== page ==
Camp internment did improve my health, and it was in camp that my new next-door neighbor, who was into weight training, introduced me to barbell and dumbbell training.  Before returning to my hometown, I had a year of weight training behind me so my strength level had improved and filled out to some extent my skinny body that gave me more confidence. 
Training with weights and reading the monthly Strength & Health magazine did much to influence me in a positive way during my high school and Junior College years.  From the senior year of high school when I entered my first weightlifting contest, I improved so rapidly that within 26 months, at the Pacific Coast Championships, I had made the highest total (780 lb.) in the world of anyone in my bodyweight class.  The 1950 World Championships was won with 777 lbs.
I missed making the 1950 U.S. World Championship Team because 3 days before the Team Try-out, my mother passed away; so instead of competing in the Trials, I flew back home. 
The following year I was determined to improve my lifting even more but the Korean Conflict called me to military service.  This curbed my weightlifting training completely for military “Basic Training” allows no time for any other activity for 11 weeks.  After my Basic Training, I took the option of becoming a cook in the Army so I could cook every other day and be able to train on my off duty days.  This worked fine until the North Koreans started to target the cooks.  The U.S. Army was known to “move on its’ stomach” and without warm food it was assumed the army would be demoralized. 
I reported to Camp Stoneman where the troop gathered to be sent overseas, but, in reporting for duty, I was informed that I was taken off the list because I was “a candidate for the Olympic Team.”  I suspect someone like Coach Bob Hoffman must have put in a good word for me in Washington, D.C. that gave me the opportunity to make the 1952 U.S. Olympic Team.  Evidently the U.S. Army thought I’d be of better service to the U.S. at the Olympic Games than “up front” as a cook.  Anyway, what could have been hazardous duty of war was now turned to a mission of representing the U.S. on the international stage at the Olympic Games. 
I won the gold medal at the Helsinki Olympics, but my military orders received just a few days before my competition date notified me to be stationed in West Germany for the remainder of my military term to fulfill my overseas duty.
I made the best of the situation while in Germany by giving exhibitions as a “guest lifter” to the German “league competitions,” a weightlifting competition among the various weightlifting clubs that was held on Saturday evenings.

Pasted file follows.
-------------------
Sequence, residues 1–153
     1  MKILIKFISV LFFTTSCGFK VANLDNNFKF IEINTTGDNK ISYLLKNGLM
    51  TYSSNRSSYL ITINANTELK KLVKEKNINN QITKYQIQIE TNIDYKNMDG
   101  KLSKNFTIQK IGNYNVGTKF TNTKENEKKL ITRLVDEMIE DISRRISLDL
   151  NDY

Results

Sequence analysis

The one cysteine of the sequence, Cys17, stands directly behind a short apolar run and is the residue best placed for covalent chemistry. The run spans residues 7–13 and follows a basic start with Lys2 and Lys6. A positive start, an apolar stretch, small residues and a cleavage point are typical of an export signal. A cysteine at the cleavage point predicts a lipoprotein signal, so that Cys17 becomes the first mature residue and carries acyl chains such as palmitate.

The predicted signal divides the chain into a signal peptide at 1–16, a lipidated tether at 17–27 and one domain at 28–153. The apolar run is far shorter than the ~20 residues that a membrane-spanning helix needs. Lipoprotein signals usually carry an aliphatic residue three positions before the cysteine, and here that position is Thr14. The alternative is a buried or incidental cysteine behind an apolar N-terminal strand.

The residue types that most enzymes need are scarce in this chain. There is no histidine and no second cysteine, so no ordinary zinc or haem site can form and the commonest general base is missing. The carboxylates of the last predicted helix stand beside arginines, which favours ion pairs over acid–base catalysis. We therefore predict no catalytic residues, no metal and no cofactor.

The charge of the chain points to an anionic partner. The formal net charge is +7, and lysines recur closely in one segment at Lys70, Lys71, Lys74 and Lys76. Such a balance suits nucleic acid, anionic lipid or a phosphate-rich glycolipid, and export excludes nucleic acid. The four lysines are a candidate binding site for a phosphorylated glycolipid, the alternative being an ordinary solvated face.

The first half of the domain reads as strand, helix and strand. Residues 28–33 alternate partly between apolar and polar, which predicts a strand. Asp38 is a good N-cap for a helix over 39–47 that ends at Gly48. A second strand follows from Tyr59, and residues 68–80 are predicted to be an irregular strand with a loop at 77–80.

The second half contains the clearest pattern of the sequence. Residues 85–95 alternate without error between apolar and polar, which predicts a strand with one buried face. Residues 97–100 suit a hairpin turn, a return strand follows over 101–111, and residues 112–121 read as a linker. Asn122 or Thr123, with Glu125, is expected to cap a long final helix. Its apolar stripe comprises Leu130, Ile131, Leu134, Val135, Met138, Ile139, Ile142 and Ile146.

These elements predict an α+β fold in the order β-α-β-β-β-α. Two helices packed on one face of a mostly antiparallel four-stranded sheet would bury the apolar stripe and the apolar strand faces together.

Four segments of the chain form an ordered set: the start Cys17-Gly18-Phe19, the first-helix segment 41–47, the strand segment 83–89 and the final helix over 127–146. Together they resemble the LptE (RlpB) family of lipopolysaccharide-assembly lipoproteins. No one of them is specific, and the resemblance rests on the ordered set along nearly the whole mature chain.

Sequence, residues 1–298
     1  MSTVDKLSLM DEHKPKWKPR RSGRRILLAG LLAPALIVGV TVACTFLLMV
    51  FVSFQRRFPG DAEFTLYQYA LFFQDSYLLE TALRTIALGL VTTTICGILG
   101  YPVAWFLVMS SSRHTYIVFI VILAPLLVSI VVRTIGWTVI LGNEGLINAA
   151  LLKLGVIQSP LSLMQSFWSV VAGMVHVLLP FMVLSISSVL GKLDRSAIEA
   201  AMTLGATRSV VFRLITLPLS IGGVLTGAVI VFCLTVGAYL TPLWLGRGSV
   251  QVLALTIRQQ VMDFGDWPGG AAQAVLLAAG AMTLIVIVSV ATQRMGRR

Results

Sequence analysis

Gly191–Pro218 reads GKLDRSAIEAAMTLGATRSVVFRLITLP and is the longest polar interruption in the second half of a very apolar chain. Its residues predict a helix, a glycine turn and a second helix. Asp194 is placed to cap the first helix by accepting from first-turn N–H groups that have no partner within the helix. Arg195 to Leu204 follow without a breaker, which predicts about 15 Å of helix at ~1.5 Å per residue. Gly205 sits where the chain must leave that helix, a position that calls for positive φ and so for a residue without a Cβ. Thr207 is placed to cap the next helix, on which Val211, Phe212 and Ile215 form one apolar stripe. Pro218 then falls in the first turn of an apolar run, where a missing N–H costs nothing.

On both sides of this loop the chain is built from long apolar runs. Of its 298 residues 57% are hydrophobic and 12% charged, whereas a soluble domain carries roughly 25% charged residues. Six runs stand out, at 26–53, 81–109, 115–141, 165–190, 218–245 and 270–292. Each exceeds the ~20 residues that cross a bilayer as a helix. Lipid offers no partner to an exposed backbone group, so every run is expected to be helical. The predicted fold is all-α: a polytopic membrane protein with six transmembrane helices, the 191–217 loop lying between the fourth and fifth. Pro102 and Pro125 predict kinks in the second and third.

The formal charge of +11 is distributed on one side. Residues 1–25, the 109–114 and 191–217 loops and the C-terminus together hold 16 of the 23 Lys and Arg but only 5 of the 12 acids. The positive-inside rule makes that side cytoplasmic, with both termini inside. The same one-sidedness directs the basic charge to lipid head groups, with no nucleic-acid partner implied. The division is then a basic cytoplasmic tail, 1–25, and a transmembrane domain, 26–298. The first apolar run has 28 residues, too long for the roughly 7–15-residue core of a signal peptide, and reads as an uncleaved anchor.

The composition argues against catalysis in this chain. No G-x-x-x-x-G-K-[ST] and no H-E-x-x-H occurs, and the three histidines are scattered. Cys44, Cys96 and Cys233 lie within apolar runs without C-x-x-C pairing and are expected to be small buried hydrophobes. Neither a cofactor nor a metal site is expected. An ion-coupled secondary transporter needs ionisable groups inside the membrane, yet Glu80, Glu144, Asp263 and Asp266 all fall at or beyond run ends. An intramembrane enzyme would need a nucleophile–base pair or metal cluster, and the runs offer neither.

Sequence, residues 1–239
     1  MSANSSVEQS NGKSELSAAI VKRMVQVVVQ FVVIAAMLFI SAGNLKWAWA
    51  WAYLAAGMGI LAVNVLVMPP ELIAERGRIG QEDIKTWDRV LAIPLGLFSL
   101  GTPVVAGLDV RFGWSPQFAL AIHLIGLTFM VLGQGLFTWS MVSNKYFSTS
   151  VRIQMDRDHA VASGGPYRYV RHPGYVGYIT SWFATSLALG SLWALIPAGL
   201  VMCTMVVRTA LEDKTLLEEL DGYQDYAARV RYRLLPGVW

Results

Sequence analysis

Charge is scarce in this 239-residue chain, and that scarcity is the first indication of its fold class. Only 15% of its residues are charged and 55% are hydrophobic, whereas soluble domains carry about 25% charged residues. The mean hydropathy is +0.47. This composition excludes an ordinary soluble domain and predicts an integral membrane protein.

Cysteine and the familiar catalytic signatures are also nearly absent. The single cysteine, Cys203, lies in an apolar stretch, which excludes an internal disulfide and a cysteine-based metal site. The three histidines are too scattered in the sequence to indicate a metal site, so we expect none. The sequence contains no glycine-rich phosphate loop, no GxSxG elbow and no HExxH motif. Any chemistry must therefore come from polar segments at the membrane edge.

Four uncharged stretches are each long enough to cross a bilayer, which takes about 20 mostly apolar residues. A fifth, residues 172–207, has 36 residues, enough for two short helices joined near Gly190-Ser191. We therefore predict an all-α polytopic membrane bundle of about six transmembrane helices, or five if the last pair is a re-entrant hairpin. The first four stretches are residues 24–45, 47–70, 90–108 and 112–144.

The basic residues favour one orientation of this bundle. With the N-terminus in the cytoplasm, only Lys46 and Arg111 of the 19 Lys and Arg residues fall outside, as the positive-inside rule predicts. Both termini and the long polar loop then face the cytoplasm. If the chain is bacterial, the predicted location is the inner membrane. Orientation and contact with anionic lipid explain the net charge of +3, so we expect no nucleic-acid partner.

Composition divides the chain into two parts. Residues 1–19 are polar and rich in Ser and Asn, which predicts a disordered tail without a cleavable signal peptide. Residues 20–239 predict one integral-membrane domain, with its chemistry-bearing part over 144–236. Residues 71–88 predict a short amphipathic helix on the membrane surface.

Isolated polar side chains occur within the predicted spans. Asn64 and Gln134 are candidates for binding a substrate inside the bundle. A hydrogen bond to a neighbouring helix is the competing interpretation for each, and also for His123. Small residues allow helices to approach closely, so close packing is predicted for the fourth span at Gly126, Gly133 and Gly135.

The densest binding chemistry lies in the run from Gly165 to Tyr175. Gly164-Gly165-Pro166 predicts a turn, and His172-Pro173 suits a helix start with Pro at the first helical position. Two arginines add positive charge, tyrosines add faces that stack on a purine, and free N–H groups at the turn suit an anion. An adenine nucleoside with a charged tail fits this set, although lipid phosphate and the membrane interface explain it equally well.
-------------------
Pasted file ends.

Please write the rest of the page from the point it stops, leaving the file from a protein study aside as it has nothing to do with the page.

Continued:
I learned much from taking part in these weekly lifting sessions and it helped me understand and refine the training process for improving continuously.  I was fortunate to have an Olympic lifting set where I was assigned but nothing else… no squat racks or a lifting platform and the Olympic set had iron plates.  Yet, by being resourceful and innovative in my training, every time I performed on weekends, I equaled or exceeded the Olympic record total of 880 lbs. 
With an Olympic gold medal and many exhibitions and a few international contests behind me, I returned to the U.S. to get discharged from the Army and was more confident in myself than when I left for Helsinki for the Olympic Games 10 months before.
My basic personality did not change because of the added experiences and exposure, but I did learn one thing; we should all strive to keep improving ourselves no matter what happens and that adversities and objects are there to challenge our mettle and to make us better, stronger persons.  It is in accepting that challenge that makes us persevere for the bigger goals of life. 
Making excuses or looking for excuses get you nowhere, but finding the solution to a problem is what weightlifting (and life) is all about. 
My first book, Weightlifting, Olympic Style, is what I consider a textbook on the Olympic lifts and it covers lifting technique to training programs and contest preparation with examples and stories related to actual performances. 
The second book, Championship Weightlifting, covers the mental and psychological side of Olympic weightlifting and expounds on the approach to overcome the barriers that hold us back from progressing.  Originally intended for coaches and elite lifters, I realized that the mental approach must be nurtured from the very beginning; so after several years of writing, I decided to rewrite some of the previous materials so it will be helpful to beginners as well. 
In Championship Olympic Weightlifting, 50% is mental, 30% technique and 20% power.  Most everyone has this in the reverse order of importance and spend too many hours in hard physical training but hardly any time in grooming his or her mind for the sport.  The second book emphasizes how important the mental aspect has on Olympic weightlifting.

“In his essay Self Reliance, Ralph Waldo Emerson
asked who is the master who would have
taught Newton; I ask who is the master who
would have taught Tommy Kono? Again he
shares with us his vast knowledge and expertise;
we are so fortunate . . .

Lou DeMarco, Senior International Coach

“I can’t think of any athlete or coach who
wouldn’t benefit from reading Championship
Weightlifting, and most will benefit a great
deal. There are many very useful and profound
points made by Kono. They are particularly
useful because they are points about mental
preparation, the importance of quality training
and technique mastery that are often mentioned
in passing but seldom addressed in detail in the
weightlifting literature.”
“In summary, this book is incredibly
helpful on its own, and in combination with
Weightlifting, Olympic Style, captures a lifetime
of learning from one of weightlifting’s most
outstanding participants and astute observers.
I recommend it highly.”

Artie Drechsler,
Author of “Weightlifting Encyclopedia”

“Championship Weightlifting, along with
its predecessor, Weightlifting, Olympic Style,
is destined to be among the great classics in
weightlifting history. Tommy, our sport’s alltime
greatest competitor, passes on knowledge
that only he is qualified to do. If you’re a fan
of Olympic weightlifting you must have both
of these volumes in your personal library.”

Dr. Peter George,
World & Olympic Champion Lifter